Housing for Women’s Lister House, Ladywell, has been found to be located within feet of a significant historical well, after which the area of Ladywell gets its name. Housing for Women is working with the Ladywell Society to mount a plaque to celebrate the historical importance of the location.
The Ladywell Society was established in 1984 when the historian Robert Smith came upon records suggesting that the area of Ladywell was the place where a spring came through the ground in 1472. At this time water was regarded with great reverence and the site consequently became an important spiritual location.
In 1472 Ladywell was merely a small settlement of huts located close to the village of Lewisham, but the existence of the well made it a significant site for pilgrims on their way to Canterbury, and is also said to have been visited by Queen Elizabeth the 1st. In 1855 the well dried up due to the construction of a local sewer, and its existence was soon forgotten.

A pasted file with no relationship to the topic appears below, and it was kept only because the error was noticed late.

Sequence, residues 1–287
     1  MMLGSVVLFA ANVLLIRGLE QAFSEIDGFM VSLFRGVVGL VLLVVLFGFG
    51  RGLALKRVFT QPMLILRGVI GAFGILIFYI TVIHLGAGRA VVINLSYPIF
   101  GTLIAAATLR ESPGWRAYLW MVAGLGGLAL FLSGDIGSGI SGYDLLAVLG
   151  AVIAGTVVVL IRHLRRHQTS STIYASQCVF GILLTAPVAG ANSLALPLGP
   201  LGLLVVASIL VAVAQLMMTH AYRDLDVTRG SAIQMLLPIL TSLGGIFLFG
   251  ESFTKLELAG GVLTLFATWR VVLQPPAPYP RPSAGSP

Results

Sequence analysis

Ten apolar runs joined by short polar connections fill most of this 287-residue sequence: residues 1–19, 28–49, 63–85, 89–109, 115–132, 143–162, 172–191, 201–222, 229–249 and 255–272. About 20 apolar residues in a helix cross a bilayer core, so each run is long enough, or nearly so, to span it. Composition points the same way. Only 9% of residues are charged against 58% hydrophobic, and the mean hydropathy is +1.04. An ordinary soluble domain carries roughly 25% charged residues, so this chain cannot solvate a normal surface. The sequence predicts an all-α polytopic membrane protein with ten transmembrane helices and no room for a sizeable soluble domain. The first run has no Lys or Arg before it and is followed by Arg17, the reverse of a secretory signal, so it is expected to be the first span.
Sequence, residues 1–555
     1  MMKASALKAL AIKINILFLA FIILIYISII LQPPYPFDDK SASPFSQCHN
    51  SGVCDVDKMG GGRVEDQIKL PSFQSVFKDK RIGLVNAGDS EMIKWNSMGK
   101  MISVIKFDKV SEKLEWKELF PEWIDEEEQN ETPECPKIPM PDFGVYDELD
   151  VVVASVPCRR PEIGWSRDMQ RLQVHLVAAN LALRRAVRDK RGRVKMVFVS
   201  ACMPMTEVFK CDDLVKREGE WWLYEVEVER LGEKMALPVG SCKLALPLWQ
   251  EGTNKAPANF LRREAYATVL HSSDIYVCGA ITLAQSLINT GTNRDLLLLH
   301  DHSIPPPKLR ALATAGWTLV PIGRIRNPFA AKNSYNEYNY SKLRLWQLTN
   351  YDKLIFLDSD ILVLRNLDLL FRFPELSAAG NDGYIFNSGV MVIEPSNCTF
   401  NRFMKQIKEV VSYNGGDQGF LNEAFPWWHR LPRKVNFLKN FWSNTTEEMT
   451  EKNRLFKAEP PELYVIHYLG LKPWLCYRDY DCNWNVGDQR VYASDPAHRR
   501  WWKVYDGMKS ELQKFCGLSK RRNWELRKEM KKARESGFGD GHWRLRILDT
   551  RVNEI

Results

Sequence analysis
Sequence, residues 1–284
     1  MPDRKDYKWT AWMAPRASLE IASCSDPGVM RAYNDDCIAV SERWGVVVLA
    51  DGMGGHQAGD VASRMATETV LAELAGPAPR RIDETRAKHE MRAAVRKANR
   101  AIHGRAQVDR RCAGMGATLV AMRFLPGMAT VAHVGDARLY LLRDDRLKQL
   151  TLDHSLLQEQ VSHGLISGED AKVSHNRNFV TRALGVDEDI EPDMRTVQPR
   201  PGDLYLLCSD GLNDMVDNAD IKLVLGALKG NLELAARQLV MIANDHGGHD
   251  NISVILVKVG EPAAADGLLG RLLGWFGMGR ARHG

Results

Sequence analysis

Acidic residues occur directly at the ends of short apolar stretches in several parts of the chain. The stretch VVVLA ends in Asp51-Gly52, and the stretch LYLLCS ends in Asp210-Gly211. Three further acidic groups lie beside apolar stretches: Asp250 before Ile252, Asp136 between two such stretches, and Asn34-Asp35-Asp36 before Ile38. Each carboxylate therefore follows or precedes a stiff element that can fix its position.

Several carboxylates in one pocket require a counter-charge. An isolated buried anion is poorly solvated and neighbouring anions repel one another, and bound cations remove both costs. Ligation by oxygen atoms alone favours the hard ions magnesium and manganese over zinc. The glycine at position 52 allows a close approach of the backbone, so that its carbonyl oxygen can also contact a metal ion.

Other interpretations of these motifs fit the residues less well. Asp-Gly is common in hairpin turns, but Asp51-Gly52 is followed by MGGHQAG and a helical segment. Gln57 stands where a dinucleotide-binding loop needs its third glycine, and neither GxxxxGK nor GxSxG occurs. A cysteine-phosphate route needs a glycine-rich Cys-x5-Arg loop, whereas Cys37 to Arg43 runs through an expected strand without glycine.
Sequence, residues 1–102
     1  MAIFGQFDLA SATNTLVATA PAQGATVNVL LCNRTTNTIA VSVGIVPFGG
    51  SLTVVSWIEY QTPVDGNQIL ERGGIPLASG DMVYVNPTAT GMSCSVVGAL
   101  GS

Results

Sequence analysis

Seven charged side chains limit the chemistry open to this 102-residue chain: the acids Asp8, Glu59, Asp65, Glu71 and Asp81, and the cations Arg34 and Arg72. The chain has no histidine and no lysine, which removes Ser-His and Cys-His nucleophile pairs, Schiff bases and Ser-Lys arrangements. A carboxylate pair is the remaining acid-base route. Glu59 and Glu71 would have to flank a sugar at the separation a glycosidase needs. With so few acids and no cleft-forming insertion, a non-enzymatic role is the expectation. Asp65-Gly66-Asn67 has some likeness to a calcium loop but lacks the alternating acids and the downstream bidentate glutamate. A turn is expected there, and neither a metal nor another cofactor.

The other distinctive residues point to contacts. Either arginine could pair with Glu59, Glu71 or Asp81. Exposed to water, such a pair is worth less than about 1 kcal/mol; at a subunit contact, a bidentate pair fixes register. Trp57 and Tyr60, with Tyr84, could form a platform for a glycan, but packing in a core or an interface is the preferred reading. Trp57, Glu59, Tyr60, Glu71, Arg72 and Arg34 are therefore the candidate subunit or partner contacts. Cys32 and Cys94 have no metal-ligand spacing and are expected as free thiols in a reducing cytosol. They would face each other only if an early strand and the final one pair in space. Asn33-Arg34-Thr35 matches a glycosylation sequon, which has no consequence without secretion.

Since 1984 the Ladywell Society has been working hard to ensure that the site is given the recognition that it deserves. The exact location of the well was finally traced to within a few feet of Housing for Women’s Lister House. The Ladywell Society, after receiving funding from the Lewisham Locality Fund, have created a plaque to mark this location and Housing for Women have agreed to have this plaque mounted Lister House.
An official unveiling of the plaque is due to occur at Lister House (Railway Terrace, SE13 7XH) at 2:30pm on Wednesday. All are welcome to attend. This will be followed by a presentation by the local historian and founder of the Society, Robert Smith in St Mary’s Church, Lewisham, from 7:30-8:30pm on Wednesday 14th October. This presentation will give further details of the history of the well. All are welcome to attend what promises to be a very interesting and informative evening.